"That someday, when I am a man, he will forge me a real sword, much better than the 'toy' I carry. The Elves are always teasing me." He turned and replied in Elvish, and the Elven smith laughed in turn.
"I told him he made this sword himself," Estel explained, "and so the quality must be of the highest."
Bilbo smiled and ruffled the boy's dark hair. "You give as good as you get, lad. Good for you."
They followed the path across the meadow. As it entered the forest, it faded to a faint deer trail through the lacy white hemlocks. Bilbo was soon breathing hard, for the trail was very steep. But Estel stopped often to show him the leaves of herbs, and to explain which might be used to cure dysentery, which to ease sore muscles, which to staunch a wound, which to boil in a savory stew.
Bilbo took notes in a little sheaf of paper that he'd begged from the Elves and stitched together into a primitive book. At home he'd always been accustomed to keep a daily diary, but of course he'd left it behind when he'd run out of Bag End so precipitously, without even a pocket handkerchief. Since coming to Rivendell, he'd written a sketchy account of his travels so far, and resolved to make daily notes in the future. When he got home he would write them up properly.
He was deeply absorbed in drawing the leaf of the athelas plant when he suddenly realized that Estel had gone very still and quiet. Bilbo's scalp prickled. He looked up to see Estel standing with his arm outstretched, his palm outward. Bilbo followed his gaze. In a thicket not twenty yards away was a great grey bear, sitting up on its haunches and looking at them.
"Draw your bow, very slowly," said Estel softly, "but do not shoot unless it attacks."
Bilbo's hands shook as he took his bow from his shoulder and fitted an arrow to it.
Estel said something in Elvish. His voice was low and gentle, but commanding. The bear blinked and put its front paws down on the ground. Again Estel spoke, so sweetly he was almost singing. The bear shook its ears, and then turned and lumbered away.
Bilbo lowered his trembling hands. "You should not rely on me to shoot, Master Estel, not when I'm as frightened as I am."
"There is no need to be afraid. I asked the bear to leave and it agreed."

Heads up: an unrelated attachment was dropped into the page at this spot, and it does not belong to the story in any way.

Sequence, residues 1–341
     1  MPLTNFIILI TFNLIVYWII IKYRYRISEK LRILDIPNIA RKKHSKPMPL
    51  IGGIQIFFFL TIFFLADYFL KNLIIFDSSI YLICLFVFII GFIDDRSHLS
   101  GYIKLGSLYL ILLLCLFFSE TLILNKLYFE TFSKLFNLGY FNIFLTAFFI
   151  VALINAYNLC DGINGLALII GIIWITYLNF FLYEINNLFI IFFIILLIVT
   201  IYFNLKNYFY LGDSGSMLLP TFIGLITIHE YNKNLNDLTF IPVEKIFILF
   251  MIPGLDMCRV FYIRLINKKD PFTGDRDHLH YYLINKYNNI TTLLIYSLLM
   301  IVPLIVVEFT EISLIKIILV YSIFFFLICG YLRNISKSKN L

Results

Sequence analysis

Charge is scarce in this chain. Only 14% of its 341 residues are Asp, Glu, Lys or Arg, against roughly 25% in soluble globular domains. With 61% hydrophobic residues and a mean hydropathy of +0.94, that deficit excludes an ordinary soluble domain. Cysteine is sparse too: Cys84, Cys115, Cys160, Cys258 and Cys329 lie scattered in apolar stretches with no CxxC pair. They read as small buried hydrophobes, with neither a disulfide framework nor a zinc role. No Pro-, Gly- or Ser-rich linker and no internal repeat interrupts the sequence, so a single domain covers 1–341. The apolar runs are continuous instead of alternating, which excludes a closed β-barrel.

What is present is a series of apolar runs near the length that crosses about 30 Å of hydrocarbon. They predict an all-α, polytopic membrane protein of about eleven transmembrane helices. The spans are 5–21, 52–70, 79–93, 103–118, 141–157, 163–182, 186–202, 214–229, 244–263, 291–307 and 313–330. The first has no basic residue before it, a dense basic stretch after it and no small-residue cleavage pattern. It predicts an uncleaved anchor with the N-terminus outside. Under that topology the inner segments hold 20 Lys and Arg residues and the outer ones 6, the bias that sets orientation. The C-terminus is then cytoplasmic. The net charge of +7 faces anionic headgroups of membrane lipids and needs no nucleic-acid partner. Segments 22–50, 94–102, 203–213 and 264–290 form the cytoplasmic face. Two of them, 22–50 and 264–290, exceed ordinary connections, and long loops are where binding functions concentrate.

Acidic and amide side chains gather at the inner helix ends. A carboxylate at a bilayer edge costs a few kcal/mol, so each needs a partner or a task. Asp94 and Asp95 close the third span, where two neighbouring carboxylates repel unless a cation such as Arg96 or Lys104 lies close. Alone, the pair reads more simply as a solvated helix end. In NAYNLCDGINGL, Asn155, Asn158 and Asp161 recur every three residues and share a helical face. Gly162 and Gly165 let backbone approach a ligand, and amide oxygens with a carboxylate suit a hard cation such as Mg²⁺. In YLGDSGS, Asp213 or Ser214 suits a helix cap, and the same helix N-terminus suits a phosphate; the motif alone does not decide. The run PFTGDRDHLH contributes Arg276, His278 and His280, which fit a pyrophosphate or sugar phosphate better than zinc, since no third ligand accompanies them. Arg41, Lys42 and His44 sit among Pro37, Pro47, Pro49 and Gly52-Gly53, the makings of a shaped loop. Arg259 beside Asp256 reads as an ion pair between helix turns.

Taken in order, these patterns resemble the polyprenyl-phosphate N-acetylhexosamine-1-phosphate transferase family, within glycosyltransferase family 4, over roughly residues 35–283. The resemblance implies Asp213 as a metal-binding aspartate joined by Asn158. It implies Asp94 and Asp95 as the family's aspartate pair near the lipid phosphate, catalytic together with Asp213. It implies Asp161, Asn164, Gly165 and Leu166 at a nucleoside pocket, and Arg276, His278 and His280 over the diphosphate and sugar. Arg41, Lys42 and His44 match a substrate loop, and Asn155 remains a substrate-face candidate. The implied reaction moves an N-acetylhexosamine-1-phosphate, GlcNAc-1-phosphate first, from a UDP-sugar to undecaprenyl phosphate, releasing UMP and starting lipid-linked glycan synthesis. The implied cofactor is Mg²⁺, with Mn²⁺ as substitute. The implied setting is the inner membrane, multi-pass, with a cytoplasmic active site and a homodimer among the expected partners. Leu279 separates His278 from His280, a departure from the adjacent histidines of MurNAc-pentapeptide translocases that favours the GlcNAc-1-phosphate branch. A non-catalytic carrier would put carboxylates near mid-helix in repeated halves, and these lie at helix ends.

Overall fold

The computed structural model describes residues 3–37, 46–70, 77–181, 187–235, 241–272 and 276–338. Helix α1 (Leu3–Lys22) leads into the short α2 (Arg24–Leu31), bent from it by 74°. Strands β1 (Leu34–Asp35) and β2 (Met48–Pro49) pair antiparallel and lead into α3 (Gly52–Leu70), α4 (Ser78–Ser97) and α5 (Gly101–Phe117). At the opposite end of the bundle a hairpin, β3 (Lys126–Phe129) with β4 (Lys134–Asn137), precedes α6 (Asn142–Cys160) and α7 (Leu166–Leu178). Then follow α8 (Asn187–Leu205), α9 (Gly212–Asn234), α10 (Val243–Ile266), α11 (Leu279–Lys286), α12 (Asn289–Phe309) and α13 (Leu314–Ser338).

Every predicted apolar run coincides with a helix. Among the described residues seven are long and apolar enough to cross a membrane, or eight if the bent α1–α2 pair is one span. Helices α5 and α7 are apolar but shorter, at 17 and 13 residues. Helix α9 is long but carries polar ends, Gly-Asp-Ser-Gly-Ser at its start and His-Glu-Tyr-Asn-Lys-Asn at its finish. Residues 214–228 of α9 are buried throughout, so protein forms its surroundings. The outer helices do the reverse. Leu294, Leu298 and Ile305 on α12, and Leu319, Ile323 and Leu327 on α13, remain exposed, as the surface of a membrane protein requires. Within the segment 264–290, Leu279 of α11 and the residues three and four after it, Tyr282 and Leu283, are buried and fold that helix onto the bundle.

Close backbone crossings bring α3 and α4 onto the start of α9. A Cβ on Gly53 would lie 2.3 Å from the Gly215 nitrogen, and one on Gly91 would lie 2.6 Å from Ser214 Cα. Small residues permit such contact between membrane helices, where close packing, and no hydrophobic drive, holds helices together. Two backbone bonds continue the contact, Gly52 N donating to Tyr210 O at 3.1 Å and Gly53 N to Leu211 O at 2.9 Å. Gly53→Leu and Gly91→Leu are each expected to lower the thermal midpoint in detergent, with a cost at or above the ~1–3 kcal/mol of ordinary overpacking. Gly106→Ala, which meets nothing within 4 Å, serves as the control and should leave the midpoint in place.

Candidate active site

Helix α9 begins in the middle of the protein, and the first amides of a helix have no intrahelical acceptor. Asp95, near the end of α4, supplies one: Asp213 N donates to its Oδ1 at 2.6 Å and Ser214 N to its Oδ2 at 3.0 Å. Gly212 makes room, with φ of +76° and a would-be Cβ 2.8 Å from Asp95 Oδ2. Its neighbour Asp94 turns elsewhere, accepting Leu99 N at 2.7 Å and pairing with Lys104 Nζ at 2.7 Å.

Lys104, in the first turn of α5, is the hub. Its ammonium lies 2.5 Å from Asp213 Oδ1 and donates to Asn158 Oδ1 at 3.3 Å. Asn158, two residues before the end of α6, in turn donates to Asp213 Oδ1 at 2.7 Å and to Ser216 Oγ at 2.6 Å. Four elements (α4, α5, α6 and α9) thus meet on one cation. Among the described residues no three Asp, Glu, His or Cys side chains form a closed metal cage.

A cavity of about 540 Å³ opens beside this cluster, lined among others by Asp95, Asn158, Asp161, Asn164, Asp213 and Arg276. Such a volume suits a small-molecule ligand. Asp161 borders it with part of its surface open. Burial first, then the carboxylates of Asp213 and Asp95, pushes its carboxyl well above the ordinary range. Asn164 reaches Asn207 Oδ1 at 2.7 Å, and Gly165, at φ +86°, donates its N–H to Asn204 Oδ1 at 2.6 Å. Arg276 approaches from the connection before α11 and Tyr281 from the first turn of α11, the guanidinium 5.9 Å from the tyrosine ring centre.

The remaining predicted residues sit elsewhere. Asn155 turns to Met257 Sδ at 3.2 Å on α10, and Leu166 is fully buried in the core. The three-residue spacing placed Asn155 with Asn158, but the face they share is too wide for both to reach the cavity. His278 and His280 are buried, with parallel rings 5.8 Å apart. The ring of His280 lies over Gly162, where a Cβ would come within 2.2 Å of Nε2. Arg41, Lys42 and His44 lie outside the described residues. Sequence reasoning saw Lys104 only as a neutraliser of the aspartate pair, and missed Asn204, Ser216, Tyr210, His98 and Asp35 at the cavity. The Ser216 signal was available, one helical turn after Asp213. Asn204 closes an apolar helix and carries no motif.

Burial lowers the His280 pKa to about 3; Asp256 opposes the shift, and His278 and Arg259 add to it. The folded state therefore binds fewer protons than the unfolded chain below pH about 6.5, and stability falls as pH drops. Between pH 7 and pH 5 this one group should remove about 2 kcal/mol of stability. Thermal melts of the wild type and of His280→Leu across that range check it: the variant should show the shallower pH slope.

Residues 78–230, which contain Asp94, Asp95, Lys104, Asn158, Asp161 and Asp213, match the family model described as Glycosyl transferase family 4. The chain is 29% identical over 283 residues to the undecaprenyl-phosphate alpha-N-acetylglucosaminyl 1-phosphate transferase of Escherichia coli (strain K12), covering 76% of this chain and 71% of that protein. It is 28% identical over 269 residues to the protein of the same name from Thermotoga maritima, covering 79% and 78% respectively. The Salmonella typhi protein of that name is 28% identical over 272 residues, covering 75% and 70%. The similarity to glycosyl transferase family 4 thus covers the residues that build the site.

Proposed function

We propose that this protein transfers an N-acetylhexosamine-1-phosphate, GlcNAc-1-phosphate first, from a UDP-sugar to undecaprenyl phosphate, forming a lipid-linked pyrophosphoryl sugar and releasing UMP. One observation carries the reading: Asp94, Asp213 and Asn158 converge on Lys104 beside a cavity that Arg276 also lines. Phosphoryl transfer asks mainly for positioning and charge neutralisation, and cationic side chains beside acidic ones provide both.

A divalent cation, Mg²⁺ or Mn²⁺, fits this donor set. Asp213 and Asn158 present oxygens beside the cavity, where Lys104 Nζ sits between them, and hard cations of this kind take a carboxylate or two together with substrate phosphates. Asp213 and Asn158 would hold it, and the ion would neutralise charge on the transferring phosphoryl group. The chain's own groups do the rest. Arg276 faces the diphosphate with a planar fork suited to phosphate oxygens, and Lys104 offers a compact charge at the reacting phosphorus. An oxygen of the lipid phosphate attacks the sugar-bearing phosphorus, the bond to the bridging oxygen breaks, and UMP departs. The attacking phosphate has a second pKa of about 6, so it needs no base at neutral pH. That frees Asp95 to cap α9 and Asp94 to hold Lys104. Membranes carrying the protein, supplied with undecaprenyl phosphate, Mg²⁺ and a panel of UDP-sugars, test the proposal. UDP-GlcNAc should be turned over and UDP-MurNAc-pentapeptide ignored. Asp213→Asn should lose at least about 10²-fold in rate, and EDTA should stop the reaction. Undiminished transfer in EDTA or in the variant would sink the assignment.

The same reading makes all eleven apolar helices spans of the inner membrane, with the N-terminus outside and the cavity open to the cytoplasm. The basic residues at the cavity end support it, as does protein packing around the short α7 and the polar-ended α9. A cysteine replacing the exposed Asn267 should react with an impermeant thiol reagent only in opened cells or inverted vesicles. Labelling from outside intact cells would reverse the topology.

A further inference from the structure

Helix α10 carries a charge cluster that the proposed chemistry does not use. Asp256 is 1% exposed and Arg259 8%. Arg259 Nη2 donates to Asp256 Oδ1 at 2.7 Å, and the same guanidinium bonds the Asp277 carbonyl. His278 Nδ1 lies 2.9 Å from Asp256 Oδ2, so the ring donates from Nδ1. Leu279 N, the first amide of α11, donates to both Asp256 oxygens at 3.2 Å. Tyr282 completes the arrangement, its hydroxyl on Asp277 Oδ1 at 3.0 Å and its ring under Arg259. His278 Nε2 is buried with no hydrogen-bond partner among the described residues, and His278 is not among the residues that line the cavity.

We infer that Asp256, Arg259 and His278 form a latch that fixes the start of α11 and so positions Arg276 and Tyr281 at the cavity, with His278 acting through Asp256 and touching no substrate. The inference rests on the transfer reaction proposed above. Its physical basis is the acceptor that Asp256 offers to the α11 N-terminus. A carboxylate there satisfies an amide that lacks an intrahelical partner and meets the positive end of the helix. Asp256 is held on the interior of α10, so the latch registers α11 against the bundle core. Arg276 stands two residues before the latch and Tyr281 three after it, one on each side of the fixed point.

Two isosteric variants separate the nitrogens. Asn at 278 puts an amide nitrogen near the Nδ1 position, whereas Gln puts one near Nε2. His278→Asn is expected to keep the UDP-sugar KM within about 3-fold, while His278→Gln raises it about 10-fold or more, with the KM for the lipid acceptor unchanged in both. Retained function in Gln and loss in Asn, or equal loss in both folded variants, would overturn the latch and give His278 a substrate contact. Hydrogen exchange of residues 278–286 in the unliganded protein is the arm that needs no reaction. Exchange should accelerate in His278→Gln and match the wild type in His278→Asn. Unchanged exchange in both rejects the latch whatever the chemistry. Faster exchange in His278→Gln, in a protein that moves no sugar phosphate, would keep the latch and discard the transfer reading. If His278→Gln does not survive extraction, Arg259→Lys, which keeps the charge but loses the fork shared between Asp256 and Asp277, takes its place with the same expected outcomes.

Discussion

Bilbo took a deep breath. "If you have that kind of power, why are we armed?"
Estel looked at him silently for a moment. "They do not always agree," he said at last. "It is rare that they attack, but it is safest to be ready." He looked at the sun. "We should be returning, if we want to have supper in the hall."
"Yes," said Bilbo, glad of the excuse and suddenly very hungry. "Let us return."
For ten more days Bilbo and the Dwarves lingered in Rivendell. Bilbo spent some of his time with Thorin and Company, or with Gandalf, or listening to Elvish tales and songs in the Hall of Fire, or copying manuscripts in the library. But he spent much of it with Estel, following him to his lessons in swordplay and herblore and woodcraft and history.
On Midsummer's Eve the Elves celebrated the shortest night of the year with songs and dances under the stars on the soft grass of the riverbank. Silver lanterns glittered in the tree branches and along the curve of the stone bridge. Their reflections shimmered in the running water. The Elves made little lamps of walnut shells filled with oil, and set them flickering and dancing on the river's surface.
Bilbo filled his eyes with the lanternlight and resolved that one day he would bring this beauty home. He would hang lanterns in the branches of the big tree in the field near Bag End, and fill some magical night with light and music and dancing.
He strolled across the grass, pausing to listen to a song here, and watch a dance there. All the time he kept his eyes open for Estel, who seemed to have disappeared.
"Bilbo!" said a soft voice over his head.
Bilbo looked up and saw a small shadow huddled among the branches of a tree, half lit by flickering lanterns. "Estel?"
A small brown hand reached down into the lanternlight just over Bilbo's head. "Come up with me," said Estel.
"I've explained to you," said Bilbo, "Hobbits don't climb trees. Not unless it is a matter of survival. We are underground creatures."
"Please, Bilbo. Please come up. There are branches like a winding stair, once you get past the first one. I'll help you."
He sounded so sad that Bilbo swallowed his fear and reached up to take Estel's hand. After a short struggle he found himself sitting almost comfortably on a broad limb, with a smaller limb behind his back and his arm around the trunk of the tree. Estel sat across from him. Far below his feet, Bilbo could hear Elves singing and dancing. He was careful not to look down.
"They say you are leaving tomorrow," said Estel.
Bilbo sighed. "Yes. I would love to stay here indefinitely. But I promised the Dwarves I'd go with them to the end of the road, and I must keep my word."
Estel closed his eyes and nodded. "Yes, you must keep your word. But I will miss you."
"I'll return," said Bilbo. "When the Dwarves conclude their business, and I turn for home, I'll stop here again." He spoke bravely, but a chill came over him. Would he return? There was a dragon at the end of that road, and who knew what dangers in between.
"Will you?" Estel opened his eyes. The lights of many lanterns reflected like stars in their silvery depths.
"If I can," said Bilbo. "No one can know the future."